A year on from treatment, Kerianna Stirling, dog Wolf, and Tiari Barber, 12, at home on the sofa in Ōtaki.
It’s the first training of winter, and there was a girl with tears on her cheeks making the comeback of her life.
Tiari Barber, 12, cried during her warm ups, as the other rugby girls ran faster. But she kept running.
Tiari wasn’t coming back from a torn muscle or a damaged ligament. She was coming back from chemotherapy, a transplant, an incredibly rare but life-threatening blood disease. Quarantine. Hospital.
She was coming back to life.
* One in six-million donor found
* Ōtaki fundraiser for Tiari
* The gift of blood keeps giving
A year after Stuff reported Tiari’s return home to Ōtaki, north of Wellington, from a bone marrow transplant at Starship Hospital, she has spoken about what happened next.
In May last year Tiari was diagnosed with aplastic anaemia, one of only five people in New Zealand at the time with the disease where bone marrow stops producing blood and immunity cells.
Her first symptom was a bruise that covered her whole thigh after an opposition player stood on it during a tackle in an under-11 rugby league match. Then she had flu-like symptoms.
Blood tests were so serious she was on a flight to Auckland the same day, and had a bone marrow biopsy the next morning.
She needed a bone marrow transplant.
Of the 28 million registered bone marrow donors in the world there were only five matches for Tiari, and they found one in New Zealand: a stranger, and matching donor, willing to help.
Tiari’s new bone marrow was harvested from the donor, in mid-September, then given to her via blood transfusion. Her own marrow had been wiped out with chemotherapy.
This week, her mum Kerianna Stirling said the new marrow was “doing the job” and her daughter’s life was pretty much normal again.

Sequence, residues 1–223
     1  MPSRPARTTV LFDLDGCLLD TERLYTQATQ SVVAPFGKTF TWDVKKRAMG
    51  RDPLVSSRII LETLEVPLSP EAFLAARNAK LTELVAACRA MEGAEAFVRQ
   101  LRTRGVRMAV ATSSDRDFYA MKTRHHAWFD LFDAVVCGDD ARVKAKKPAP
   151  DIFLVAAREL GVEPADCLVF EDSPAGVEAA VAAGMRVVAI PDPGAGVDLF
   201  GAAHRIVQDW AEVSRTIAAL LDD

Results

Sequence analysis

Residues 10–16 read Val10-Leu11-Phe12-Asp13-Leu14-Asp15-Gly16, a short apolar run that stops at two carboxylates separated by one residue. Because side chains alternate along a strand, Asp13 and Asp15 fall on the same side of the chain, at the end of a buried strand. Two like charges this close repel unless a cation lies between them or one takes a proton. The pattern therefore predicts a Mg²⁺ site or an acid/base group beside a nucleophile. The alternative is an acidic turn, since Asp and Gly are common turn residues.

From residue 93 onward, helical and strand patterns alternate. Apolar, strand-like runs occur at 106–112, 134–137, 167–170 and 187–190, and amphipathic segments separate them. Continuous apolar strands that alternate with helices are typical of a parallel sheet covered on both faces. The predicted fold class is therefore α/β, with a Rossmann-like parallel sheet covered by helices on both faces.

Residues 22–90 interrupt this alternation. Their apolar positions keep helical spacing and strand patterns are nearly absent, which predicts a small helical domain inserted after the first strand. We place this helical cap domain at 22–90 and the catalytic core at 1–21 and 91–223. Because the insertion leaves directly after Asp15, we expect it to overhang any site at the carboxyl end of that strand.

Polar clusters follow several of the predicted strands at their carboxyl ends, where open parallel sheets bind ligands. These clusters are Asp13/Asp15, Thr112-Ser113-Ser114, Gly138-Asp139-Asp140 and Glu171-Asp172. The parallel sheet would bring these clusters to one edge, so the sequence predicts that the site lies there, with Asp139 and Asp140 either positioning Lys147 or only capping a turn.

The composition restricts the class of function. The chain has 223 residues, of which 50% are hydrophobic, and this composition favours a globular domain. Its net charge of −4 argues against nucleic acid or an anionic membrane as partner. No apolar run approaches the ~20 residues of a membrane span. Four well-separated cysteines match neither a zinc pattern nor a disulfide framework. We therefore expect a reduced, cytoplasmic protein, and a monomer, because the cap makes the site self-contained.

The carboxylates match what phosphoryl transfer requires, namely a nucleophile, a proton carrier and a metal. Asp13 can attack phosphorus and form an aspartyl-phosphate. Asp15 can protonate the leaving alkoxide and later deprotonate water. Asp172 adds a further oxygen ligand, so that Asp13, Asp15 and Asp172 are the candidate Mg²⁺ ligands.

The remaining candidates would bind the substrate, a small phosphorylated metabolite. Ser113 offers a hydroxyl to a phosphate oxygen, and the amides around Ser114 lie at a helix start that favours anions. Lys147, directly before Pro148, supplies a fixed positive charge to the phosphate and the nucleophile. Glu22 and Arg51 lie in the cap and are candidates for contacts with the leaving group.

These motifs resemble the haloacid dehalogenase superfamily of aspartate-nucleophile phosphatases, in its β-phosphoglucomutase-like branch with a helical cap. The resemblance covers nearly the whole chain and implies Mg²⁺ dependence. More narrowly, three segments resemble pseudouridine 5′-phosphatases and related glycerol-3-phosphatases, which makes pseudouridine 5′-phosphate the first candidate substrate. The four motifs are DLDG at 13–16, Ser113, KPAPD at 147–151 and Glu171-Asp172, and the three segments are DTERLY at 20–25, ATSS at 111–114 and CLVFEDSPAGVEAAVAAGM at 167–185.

Her return to sport, which she had always loved, was part of that – including joining a girls rugby team after nearly a year of illness.
Tiari said she played “hooker or prop” – in rugby, the powerhouse positions in the front row of scrums.
From the first warm-up of the season she was much slower than everybody else – tears ran down her cheeks but she refused to quit.
Her mum was there, and urged the team coaches to let her continue.
“She cried, but she carried on; all the crying, she kept crying and all her mates were like ‘are you ok?’ but she finished it. Did the warm-ups.”
Her fitness crept back with every training, and by the end of the season she was back in full swing on the field – even playing games in the under 13 boys grade as well.
Before her first match, and her first hit-out on the field, Tiari said it might have been a little scary. “Kind of, but then it wasn’t.”
Stirling said the last two years had been “a hell of a journey” and she still had Facebook posts popping up from when things had been very different.
Last year, one of the worst moments was when doctors revealed none of Tiari’s family were a match for a bone marrow transplant.
“It’s really hard, because she’s sick, and you try and do everything you can for your kids, but this one time there was nothing I could do to help her.”
Tiari had come back “a little bit hungrier” for life, Stirling said, and was keen to experience everything – art, music, and sport.
Stirling was glad for the Ōtaki community’s support, and glad for the bone marrow donor. “If we didn’t have him, I don’t know where we would be.”
But mostly, “I’m glad to be on the other end of it”.